Previous research in animal models led by Conboy, who is also an investigator at the Berkeley Stem Cell Center and at the California Institute for Quantitative Biosciences (QB3), revealed that the ability of adult stem cells to do their job of repairing and replacing damaged tissue is governed by the molecular signals they get from surrounding muscle tissue, and that those signals change with age in ways that preclude productive tissue repair.

Those studies have also shown that the regenerative function in old stem cells can be revived given the appropriate biochemical signals. What was not clear until this new study was whether similar rules applied for humans. Unlike humans, laboratory animals are bred to have identical genes and are raised in similar environments, noted Conboy, who received a New Faculty Award from the California Institute of Regenerative Medicine (CIRM) that helped fund this research. Moreover, the typical human lifespan lasts seven to eight decades, while lab mice are reaching the end of their lives by age 2.

An enzyme called MAP kinase (and kinases generally hook phosphates onto other proteins - often to regulate them) declines with age and this decline in MAP kinase (MAPK) appears to be key in turning down stem cell activity. The lowered stem cell activity means that muscle damage doesn't get repaired and therefore we accumulate more damage and muscle shrinkage as we age.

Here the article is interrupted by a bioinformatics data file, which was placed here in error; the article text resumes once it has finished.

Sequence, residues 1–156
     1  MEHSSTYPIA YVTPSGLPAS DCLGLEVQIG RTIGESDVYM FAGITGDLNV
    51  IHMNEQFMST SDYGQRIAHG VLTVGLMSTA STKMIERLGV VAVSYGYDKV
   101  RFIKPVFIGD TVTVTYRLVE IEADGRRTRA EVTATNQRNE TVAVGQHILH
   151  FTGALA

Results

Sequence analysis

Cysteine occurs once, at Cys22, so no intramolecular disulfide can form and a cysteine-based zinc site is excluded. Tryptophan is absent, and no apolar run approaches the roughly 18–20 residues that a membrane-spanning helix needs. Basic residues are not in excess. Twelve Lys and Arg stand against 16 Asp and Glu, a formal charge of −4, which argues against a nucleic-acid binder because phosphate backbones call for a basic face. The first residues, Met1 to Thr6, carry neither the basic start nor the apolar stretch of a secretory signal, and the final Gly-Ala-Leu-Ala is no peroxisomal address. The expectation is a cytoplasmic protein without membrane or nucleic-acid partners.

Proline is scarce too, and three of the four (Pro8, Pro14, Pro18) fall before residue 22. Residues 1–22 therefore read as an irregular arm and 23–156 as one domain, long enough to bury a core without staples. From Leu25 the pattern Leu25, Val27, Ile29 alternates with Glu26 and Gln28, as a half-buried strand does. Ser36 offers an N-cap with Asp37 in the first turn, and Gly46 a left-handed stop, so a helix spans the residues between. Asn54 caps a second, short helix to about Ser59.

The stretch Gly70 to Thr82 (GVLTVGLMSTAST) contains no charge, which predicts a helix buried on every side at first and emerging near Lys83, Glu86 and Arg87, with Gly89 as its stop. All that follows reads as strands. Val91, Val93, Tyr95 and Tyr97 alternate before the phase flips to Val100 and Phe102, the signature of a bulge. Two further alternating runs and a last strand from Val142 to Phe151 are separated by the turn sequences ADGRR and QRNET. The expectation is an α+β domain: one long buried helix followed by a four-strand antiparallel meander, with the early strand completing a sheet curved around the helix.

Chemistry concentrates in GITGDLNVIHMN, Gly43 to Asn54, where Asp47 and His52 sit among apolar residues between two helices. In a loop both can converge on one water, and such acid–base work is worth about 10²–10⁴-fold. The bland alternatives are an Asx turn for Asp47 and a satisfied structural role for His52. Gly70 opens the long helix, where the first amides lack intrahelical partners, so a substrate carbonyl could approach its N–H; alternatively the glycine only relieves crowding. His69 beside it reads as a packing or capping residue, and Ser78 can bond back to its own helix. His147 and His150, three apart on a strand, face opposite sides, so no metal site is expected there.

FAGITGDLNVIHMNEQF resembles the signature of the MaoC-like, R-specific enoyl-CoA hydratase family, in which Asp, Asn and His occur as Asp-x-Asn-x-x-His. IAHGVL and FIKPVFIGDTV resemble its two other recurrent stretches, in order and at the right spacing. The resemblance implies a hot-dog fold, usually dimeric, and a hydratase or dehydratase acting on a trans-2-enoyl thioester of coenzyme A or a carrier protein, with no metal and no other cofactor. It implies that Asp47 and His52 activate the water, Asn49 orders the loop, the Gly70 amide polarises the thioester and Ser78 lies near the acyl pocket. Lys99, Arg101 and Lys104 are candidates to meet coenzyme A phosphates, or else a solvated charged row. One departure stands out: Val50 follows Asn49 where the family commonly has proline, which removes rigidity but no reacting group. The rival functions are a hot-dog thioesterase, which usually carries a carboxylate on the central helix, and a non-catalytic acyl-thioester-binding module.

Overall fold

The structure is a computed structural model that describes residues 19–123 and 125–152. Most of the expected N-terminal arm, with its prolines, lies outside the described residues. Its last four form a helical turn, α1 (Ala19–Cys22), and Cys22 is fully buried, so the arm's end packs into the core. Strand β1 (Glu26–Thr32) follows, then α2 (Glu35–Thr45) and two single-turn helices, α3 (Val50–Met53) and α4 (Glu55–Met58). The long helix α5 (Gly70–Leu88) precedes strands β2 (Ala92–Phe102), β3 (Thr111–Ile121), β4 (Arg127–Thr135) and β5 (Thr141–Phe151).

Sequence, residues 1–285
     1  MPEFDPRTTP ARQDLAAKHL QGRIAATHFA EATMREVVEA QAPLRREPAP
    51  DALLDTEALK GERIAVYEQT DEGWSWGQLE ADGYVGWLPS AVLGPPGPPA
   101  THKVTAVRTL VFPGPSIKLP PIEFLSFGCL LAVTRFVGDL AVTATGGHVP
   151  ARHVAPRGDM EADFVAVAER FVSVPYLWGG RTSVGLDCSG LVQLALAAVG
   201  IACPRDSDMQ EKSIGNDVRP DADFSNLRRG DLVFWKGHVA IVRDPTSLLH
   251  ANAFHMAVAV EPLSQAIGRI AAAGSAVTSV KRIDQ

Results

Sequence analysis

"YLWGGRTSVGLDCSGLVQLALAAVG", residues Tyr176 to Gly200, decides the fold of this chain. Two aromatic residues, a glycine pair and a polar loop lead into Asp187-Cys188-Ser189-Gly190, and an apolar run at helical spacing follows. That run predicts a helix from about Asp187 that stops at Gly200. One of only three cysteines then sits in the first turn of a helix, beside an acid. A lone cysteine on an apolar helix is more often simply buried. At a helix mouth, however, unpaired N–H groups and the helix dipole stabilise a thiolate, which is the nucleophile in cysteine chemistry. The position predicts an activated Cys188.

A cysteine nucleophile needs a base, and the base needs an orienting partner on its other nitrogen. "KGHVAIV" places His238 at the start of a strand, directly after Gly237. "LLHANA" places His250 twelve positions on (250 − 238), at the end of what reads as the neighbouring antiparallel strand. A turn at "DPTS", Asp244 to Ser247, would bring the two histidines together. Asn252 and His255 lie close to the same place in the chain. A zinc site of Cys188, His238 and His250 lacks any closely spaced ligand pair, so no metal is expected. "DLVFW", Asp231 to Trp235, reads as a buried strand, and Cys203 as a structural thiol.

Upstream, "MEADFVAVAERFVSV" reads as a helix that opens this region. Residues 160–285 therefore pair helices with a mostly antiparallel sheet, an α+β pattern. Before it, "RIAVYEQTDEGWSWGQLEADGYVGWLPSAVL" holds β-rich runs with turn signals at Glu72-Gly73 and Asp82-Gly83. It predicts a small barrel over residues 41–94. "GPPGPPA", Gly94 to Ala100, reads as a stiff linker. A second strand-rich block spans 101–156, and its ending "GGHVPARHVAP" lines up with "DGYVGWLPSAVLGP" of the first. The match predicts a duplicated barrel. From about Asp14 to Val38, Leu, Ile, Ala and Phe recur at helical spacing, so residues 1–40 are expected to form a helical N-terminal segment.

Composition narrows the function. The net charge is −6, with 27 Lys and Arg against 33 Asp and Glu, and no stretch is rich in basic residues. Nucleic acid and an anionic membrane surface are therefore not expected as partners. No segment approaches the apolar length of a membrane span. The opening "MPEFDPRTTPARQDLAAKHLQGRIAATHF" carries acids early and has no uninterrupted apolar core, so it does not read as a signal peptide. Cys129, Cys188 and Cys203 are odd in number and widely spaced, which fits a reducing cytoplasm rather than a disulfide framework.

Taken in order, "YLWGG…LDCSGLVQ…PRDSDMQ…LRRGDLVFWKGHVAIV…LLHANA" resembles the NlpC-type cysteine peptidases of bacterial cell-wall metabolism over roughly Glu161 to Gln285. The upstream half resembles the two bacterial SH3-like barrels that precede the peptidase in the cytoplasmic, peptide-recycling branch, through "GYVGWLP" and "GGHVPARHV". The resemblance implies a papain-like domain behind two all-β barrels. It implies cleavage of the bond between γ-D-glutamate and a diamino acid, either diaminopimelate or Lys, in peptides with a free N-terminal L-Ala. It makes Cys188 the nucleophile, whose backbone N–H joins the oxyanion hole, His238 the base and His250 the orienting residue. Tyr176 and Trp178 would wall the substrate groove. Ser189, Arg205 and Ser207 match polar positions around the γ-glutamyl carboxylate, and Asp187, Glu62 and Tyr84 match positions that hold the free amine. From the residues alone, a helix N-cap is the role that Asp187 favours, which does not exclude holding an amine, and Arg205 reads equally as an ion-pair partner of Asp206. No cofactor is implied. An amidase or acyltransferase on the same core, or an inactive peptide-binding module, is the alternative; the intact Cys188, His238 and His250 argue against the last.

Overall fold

The researchers further examined the response of the human muscle to biochemical signals. They learned from previous studies that adult muscle stem cells have a receptor called Notch, which triggers growth when activated. Those stem cells also have a receptor for the protein TGF-beta that, when excessively activated, sets off a chain reaction that ultimately inhibits a cell's ability to divide.

The researchers said that aging in mice is associated in part with the progressive decline of Notch and increased levels of TGF-beta, ultimately blocking the stem cells' capacity to effectively rebuild the body.